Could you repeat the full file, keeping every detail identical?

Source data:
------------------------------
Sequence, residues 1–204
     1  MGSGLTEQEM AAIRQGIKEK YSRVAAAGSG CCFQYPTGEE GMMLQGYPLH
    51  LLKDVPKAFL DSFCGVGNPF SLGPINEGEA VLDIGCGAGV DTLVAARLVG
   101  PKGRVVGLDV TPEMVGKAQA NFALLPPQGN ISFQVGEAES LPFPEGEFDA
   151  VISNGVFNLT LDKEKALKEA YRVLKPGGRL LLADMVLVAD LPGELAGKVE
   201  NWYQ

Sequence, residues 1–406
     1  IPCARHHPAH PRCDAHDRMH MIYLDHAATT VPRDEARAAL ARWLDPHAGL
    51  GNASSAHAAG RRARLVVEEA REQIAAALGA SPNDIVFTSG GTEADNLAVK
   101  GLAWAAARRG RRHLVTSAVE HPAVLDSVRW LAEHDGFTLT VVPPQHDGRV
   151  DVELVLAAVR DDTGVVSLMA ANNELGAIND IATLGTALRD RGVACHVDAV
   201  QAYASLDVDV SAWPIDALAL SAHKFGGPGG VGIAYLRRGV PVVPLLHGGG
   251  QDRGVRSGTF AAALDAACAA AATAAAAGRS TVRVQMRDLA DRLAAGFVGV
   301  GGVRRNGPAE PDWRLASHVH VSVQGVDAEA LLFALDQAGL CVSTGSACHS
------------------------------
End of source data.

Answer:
Sequence, residues 1–204
     1  MGSGLTEQEM AAIRQGIKEK YSRVAAAGSG CCFQYPTGEE GMMLQGYPLH
    51  LLKDVPKAFL DSFCGVGNPF SLGPINEGEA VLDIGCGAGV DTLVAARLVG
   101  PKGRVVGLDV TPEMVGKAQA NFALLPPQGN ISFQVGEAES LPFPEGEFDA
   151  VISNGVFNLT LDKEKALKEA YRVLKPGGRL LLADMVLVAD LPGELAGKVE
   201  NWYQ

Sequence, residues 1–406
     1  IPCARHHPAH PRCDAHDRMH MIYLDHAATT VPRDEARAAL ARWLDPHAGL
    51  GNASSAHAAG RRARLVVEEA REQIAAALGA SPNDIVFTSG GTEADNLAVK
   101  GLAWAAARRG RRHLVTSAVE HPAVLDSVRW LAEHDGFTLT VVPPQHDGRV
   151  DVELVLAAVR DDTGVVSLMA ANNELGAIND IATLGTALRD RGVACHVDAV
   201  QAYASLDVDV SAWPIDALAL SAHKFGGPGG VGIAYLRRGV PVVPLLHGGG
   251  QDRGVRSGTF AAALDAACAA AATAAAAGRS TVRVQMRDLA DRLAAGFVGV
   301  GGVRRNGPAE PDWRLASHVH VSVQGVDAEA LLFALDQAGL CVSTGSACHS